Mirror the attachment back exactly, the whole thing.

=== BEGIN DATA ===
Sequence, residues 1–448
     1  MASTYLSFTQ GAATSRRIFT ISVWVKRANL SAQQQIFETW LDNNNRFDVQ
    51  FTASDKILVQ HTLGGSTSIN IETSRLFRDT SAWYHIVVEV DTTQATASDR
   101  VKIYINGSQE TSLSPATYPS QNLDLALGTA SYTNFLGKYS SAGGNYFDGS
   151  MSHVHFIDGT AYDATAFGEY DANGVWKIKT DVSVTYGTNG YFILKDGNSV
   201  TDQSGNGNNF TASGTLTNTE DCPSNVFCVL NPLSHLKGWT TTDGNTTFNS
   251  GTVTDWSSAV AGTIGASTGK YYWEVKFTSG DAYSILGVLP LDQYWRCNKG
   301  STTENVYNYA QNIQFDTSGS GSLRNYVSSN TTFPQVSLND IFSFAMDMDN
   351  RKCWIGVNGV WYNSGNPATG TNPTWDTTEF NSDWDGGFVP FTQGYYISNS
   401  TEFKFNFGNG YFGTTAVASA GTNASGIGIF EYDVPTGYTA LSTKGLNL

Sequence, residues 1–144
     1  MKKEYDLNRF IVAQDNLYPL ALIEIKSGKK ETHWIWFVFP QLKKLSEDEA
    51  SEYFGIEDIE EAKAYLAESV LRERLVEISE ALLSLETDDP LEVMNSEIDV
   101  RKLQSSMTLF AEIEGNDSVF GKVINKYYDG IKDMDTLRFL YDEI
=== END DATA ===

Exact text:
Sequence, residues 1–448
     1  MASTYLSFTQ GAATSRRIFT ISVWVKRANL SAQQQIFETW LDNNNRFDVQ
    51  FTASDKILVQ HTLGGSTSIN IETSRLFRDT SAWYHIVVEV DTTQATASDR
   101  VKIYINGSQE TSLSPATYPS QNLDLALGTA SYTNFLGKYS SAGGNYFDGS
   151  MSHVHFIDGT AYDATAFGEY DANGVWKIKT DVSVTYGTNG YFILKDGNSV
   201  TDQSGNGNNF TASGTLTNTE DCPSNVFCVL NPLSHLKGWT TTDGNTTFNS
   251  GTVTDWSSAV AGTIGASTGK YYWEVKFTSG DAYSILGVLP LDQYWRCNKG
   301  STTENVYNYA QNIQFDTSGS GSLRNYVSSN TTFPQVSLND IFSFAMDMDN
   351  RKCWIGVNGV WYNSGNPATG TNPTWDTTEF NSDWDGGFVP FTQGYYISNS
   401  TEFKFNFGNG YFGTTAVASA GTNASGIGIF EYDVPTGYTA LSTKGLNL

Sequence, residues 1–144
     1  MKKEYDLNRF IVAQDNLYPL ALIEIKSGKK ETHWIWFVFP QLKKLSEDEA
    51  SEYFGIEDIE EAKAYLAESV LRERLVEISE ALLSLETDDP LEVMNSEIDV
   101  RKLQSSMTLF AEIEGNDSVF GKVINKYYDG IKDMDTLRFL YDEI